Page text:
The first step in mastering shade plants is determining what type of shade your area has. Does it have partial shade or full shade? Next you’ll need to be sure to choose plants according to their light requirements.

Light is not the only thing to consider you’ll always have to make sure that your area has adequate soil and drainage. Test your area for drainage by filling a hole with water and returning three hours later. If there is still water remaining in the hole be sure to chose plants that thrive in wet soil.

To prepare your soil make sure there is an abundance of good organic compost and mulch to the soil. This soil preparation is pretty much the same as it would be for any vegetable garden, perennials or shrubs.

When planting a shade garden their are a few additional considerations that you will need to examine. If the shade you experience is a result of trees your plants will be competing for their food and water. If this is the case begin a regular feeding and watering program. These plants will need to be feed as soils under these conditions get depleted of essential plant nutrients.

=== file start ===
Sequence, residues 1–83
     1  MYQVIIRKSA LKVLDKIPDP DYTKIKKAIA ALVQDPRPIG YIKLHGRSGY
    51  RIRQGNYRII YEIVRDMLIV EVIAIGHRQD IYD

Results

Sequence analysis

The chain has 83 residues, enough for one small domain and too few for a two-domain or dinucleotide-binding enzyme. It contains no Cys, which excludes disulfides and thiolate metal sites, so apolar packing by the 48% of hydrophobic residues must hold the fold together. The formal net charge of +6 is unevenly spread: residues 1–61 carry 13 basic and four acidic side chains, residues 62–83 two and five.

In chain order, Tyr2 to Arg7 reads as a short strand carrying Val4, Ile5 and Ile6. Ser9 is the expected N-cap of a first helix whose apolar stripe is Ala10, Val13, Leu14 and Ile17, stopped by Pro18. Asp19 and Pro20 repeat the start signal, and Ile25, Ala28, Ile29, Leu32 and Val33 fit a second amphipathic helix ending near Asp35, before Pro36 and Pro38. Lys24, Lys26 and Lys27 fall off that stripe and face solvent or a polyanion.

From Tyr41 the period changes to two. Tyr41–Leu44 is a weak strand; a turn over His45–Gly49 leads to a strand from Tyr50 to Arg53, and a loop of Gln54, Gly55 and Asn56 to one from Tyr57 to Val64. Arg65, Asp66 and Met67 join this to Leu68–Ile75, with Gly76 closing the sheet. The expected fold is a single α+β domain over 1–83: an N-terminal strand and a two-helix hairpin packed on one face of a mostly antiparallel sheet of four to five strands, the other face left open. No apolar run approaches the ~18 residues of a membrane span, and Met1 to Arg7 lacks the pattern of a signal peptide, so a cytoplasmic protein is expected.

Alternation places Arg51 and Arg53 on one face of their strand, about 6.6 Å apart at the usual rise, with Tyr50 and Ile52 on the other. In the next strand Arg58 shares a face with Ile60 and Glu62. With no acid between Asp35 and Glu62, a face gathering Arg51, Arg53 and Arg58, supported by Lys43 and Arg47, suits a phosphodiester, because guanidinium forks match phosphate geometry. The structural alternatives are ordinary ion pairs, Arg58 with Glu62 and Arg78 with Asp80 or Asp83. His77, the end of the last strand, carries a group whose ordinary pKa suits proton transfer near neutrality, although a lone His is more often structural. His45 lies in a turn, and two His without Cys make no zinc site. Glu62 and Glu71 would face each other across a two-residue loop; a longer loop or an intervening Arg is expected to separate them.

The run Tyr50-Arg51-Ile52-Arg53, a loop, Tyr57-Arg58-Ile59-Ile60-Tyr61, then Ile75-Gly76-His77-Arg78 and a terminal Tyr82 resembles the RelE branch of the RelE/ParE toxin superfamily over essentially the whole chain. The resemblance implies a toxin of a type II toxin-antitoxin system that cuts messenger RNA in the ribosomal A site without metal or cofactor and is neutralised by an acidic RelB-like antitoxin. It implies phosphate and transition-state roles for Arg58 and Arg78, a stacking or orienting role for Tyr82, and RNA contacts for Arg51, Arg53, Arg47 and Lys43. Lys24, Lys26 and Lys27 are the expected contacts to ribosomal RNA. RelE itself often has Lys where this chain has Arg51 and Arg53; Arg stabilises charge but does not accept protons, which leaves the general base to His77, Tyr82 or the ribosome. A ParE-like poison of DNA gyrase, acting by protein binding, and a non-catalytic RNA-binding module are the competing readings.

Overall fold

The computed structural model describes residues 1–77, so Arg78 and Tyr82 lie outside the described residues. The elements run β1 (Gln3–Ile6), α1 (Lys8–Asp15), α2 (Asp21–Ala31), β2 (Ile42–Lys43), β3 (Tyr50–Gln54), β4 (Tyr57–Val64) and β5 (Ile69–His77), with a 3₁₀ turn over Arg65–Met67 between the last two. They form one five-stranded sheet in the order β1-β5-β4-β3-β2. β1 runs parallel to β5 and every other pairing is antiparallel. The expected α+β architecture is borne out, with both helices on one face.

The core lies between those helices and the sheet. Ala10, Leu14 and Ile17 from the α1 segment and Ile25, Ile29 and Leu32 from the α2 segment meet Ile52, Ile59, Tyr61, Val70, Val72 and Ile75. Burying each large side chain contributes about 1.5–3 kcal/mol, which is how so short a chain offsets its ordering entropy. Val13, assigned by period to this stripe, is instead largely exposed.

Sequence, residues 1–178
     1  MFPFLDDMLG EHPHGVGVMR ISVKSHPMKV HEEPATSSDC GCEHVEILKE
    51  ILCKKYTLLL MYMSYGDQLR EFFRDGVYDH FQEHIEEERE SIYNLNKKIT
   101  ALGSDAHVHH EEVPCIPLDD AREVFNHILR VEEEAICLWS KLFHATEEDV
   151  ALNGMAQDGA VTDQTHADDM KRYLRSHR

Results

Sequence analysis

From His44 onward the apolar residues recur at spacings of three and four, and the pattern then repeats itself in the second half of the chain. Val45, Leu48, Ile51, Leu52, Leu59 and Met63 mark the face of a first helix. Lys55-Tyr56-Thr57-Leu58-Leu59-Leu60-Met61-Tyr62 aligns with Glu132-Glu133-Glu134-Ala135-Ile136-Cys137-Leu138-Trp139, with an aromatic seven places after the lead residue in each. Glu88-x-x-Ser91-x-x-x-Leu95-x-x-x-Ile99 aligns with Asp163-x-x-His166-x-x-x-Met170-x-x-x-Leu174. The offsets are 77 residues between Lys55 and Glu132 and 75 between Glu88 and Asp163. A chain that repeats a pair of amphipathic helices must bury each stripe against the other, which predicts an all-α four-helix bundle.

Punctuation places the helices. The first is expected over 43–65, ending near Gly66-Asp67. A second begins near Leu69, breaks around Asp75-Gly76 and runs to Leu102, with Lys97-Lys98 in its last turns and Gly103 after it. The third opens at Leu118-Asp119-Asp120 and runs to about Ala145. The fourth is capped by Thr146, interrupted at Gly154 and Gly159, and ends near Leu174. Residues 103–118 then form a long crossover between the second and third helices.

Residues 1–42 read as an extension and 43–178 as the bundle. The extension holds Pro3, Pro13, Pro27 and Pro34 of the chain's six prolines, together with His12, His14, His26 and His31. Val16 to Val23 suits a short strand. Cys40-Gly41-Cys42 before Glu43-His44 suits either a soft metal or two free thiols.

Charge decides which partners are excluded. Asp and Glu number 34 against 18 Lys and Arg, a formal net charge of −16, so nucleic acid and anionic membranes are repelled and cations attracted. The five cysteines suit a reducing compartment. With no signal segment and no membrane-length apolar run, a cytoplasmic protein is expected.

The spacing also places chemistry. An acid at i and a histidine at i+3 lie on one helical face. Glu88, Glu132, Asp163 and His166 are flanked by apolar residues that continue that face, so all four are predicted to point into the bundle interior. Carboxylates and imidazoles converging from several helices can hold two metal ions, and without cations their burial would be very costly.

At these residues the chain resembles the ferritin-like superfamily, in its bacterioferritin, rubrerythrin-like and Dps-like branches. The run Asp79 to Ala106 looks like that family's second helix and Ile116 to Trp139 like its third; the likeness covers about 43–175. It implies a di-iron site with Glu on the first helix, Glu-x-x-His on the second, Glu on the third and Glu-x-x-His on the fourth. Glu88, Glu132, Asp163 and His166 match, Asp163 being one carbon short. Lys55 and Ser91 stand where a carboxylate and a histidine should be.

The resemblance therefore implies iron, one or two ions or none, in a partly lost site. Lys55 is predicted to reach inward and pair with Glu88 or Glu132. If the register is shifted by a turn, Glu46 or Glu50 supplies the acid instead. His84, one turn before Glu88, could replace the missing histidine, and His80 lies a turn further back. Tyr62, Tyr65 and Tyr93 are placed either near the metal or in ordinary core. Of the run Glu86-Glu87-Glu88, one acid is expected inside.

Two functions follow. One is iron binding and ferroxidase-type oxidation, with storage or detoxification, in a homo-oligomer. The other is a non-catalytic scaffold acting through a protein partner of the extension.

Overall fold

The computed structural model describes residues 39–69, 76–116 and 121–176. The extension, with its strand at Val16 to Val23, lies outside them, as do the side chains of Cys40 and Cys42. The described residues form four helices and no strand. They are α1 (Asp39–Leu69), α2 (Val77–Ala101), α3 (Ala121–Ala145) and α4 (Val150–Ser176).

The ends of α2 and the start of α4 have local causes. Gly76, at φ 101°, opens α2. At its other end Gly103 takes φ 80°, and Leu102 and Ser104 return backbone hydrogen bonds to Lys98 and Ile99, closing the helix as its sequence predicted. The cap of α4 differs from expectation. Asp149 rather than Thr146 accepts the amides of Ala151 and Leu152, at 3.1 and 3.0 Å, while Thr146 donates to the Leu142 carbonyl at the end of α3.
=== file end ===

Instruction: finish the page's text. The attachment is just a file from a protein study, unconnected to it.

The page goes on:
There are a few additional considerations to be met when you are creating a garden in the shade. If the shade is the result of trees, you must be prepared to deal with the fact that your shade plants must compete for their food and water therefore begin a regular watering and feeding program because such soils are also depleted in plant nutrients.

Another thing to consider is when to plant your garden. Spring is a great time to plant your shade garden because temperatures are cool and rainfall is abundant. Roots have a chance to become established before it gets hot and dry. Fall is also a good time to plant; even after air temperatures drop, the soil remains warm, which promotes rapid root growth, preparing the plants for the long cold winter. Winter and summer are not as optimal due to the extreme temperatures reach during each season.